Scarred FOR Life
“Yes, I'm scarred WITH and FOR life – and so thankful for it.” - Roderick, SFL Model.
Scarred FOR Life (SFL) is a Photography exhibition I co-created with friends (who also happen to be born with a heart condition) Jenny Kumar and Caroline Wilson, on behalf of The Somerville Foundation. Our aim was to help change the perception that scars should be hidden away, to tell the story of a population hidden in plain sight, and to empower survivors and raise awareness of the unique needs of adults with congenital heart disease. For the exhibition, fashion and portrait photographer Kirsty Anderson captured portraits of eight adults, each born with a heart condition.
|Photo credit: Peter Sandground|
“scars are earned, tattoos are bought” - Heather, SFL model.
Launched at Glasgow's prestigious Kelvingrove Art Gallery and Museum in February 2015, the exhibition has since toured several venues including the Golden Jubilee National Hospital (home to the Scottish Congenital Cardiac Service), Forth Valley Royal Hospital, The Scottish Parliament, The British Cardiovascular Society Symposium at the Royal College of Physicians and Surgeons, and The British Heart Foundation Scotland’s conference at Wolfson Medical School Building, Glasgow University.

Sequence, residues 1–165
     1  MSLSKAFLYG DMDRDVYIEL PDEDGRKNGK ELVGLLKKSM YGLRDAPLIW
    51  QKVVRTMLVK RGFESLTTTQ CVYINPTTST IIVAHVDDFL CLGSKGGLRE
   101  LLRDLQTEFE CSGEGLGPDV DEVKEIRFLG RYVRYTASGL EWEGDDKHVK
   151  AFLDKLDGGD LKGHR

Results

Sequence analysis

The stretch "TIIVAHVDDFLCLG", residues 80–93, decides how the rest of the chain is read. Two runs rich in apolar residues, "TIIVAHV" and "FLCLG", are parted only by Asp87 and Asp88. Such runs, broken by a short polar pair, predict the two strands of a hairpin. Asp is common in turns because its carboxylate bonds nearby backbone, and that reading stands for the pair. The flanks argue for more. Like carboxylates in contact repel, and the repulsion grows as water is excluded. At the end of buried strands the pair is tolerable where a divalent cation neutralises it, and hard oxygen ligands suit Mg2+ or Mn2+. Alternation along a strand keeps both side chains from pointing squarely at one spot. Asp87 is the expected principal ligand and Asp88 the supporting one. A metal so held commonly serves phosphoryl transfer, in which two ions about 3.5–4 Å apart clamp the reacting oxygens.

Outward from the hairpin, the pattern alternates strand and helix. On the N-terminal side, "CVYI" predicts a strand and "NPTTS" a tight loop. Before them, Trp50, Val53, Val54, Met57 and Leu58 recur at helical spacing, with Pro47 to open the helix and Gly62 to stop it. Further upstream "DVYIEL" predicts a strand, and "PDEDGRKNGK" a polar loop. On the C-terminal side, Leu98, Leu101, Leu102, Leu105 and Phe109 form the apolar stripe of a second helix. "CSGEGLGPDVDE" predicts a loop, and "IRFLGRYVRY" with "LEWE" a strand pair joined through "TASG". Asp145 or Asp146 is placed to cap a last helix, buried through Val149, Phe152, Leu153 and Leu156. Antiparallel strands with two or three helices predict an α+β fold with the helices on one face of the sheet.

Scarred FOR Life was so called to depict both the physical and emotional scars that the CHD population endure FOR life itself. The project employs art informed by psychology and it has been well received by the public receiving national media attention including a five page spread in the ‘Saturday Herald’ magazine and coverage on the STV and BBC Scotland News. Due to its success the project has now been replicated across the UK. Visitors' quotes from the exhibition fuel our drive to continue this work:
Here with a 2 yr old CHD boy. Great to see images out for all to see. 2yr old enjoyed spotting ‘zip lines’, like his own.
Inspiring exhibition. Viewed whilst waiting as our 3 week old son is having open heart surgery at Yorkhill.
Me and my scar came through here today so I could gain inspiration and confidence from these wonderful people so that I too can be proud to show off my scar… Very powerful and emotional today.